Case note: Jones v Public Trustee of Queensland [2004] QCA 269 (6 August 2004) Recognition of Aboriginal customary law and the Mabo principle

Secher, Ulla (2004) Case note: Jones v Public Trustee of Queensland [2004] QCA 269 (6 August 2004) Recognition of Aboriginal customary law and the Mabo principle. James Cook University Law Review, 11. pp. 215-220.

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Abstract

Since the High Court’s decision in Mabo v Queensland (No 2),[1] some commentators have argued that, at common law, recognition of Aboriginal land rights entails recognition of other aspects of Aboriginal customary law.[2] Indeed, although there have been a number of post-Mabo decisions refusing to extend recognition of Aboriginal law, on the basis of the Mabo principle, beyond rights and interests in land,[3] there is also judicial support for such an extension: the decision of Mr Gillies SM in Colin James Goodsell v James Galarrwuy Yunupingu[4] falling within the latter category.

Aboriginal customary entitlements beyond those relating to land — for example, customs and practices relating to marriage, custody of children and crime and punishment — are undoubtedly as important as land rights from the perspective of the preservation of Aboriginal cultural identity. Nevertheless, the recent Queensland Court of Appeal’s decision in Jones v Public Trustee of Queensland[5] shows that the independent recognition of Aboriginal customary rights to land in Mabo is in no sense arbitrary: the Court observing that the appellant’s non-land Aboriginal customary law submission ‘appears to be based on a misconception of what was decided by the High Court in [Mabo].’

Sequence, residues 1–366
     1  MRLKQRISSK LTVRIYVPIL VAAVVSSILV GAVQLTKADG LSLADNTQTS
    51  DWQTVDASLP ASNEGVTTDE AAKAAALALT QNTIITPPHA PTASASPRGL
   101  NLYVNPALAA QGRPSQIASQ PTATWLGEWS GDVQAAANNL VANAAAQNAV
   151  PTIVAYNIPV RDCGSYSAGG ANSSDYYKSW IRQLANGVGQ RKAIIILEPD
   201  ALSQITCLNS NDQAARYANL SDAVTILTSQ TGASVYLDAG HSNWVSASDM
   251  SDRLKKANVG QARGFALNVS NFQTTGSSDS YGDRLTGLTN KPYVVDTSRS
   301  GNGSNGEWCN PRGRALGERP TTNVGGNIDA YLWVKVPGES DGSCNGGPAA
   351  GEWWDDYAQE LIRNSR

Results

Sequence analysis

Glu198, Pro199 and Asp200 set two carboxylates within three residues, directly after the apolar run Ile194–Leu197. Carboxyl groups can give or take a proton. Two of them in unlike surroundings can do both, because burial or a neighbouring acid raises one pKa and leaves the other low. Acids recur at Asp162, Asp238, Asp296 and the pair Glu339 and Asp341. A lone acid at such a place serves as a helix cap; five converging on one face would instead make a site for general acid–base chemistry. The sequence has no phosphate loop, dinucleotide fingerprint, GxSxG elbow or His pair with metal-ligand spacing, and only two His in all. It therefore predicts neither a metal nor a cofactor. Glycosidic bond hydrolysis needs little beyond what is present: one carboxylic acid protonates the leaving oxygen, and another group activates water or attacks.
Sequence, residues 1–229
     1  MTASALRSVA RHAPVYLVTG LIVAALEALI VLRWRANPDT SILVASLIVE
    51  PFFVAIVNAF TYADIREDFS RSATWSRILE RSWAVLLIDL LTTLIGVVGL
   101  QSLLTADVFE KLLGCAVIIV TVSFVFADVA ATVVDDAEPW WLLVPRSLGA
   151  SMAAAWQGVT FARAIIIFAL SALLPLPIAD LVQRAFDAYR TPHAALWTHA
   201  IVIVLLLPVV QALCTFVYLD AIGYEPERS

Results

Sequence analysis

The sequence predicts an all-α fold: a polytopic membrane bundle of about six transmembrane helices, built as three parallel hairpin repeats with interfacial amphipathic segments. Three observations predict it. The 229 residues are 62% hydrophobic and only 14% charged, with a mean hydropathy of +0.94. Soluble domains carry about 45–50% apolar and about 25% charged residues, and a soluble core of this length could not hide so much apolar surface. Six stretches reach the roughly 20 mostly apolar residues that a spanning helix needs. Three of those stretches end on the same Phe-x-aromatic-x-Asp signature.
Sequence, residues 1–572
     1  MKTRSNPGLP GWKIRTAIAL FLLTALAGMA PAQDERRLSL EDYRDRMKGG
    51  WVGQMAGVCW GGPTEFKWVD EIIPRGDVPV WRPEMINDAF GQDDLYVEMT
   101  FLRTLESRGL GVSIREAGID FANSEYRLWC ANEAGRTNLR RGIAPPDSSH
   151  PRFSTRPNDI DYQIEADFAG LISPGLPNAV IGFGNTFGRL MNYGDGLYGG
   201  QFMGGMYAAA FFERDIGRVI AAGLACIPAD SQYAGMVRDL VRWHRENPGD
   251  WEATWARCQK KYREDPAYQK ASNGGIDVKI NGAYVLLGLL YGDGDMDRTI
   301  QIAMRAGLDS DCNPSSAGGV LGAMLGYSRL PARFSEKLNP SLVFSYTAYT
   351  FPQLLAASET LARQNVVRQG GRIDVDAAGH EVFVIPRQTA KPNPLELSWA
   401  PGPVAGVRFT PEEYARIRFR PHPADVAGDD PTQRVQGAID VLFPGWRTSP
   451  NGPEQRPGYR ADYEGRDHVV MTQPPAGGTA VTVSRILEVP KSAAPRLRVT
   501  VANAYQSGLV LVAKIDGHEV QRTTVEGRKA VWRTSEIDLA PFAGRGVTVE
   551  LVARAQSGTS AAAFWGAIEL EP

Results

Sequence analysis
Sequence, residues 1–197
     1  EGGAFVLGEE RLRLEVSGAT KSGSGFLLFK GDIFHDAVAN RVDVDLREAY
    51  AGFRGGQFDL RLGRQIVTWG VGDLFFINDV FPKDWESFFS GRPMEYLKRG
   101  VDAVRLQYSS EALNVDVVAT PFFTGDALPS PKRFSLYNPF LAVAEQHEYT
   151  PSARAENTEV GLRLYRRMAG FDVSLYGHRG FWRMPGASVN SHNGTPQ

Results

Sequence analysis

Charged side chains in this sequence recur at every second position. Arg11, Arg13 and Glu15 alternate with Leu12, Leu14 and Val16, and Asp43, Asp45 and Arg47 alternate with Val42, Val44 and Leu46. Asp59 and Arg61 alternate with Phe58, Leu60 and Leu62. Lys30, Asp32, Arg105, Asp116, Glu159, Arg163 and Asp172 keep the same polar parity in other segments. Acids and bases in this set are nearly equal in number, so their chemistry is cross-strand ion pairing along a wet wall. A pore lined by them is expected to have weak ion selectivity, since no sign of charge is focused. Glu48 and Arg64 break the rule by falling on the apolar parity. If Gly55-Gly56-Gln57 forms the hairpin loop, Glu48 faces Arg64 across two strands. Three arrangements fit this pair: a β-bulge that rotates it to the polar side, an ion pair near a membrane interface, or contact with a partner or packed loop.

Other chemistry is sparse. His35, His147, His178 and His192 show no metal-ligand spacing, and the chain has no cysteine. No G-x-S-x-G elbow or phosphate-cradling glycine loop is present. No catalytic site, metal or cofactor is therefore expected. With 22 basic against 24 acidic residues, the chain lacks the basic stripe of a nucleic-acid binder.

Item ID: 4948
Item Type: Article (Refereed Research - C1)
Keywords: land law
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Reproduced with permission from James Cook Univeristy Law Review.

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ISSN: 1321-1072
Date Deposited: 01 Sep 2009 22:41
FoR Codes: 18 LAW AND LEGAL STUDIES > 1801 Law @ 100%
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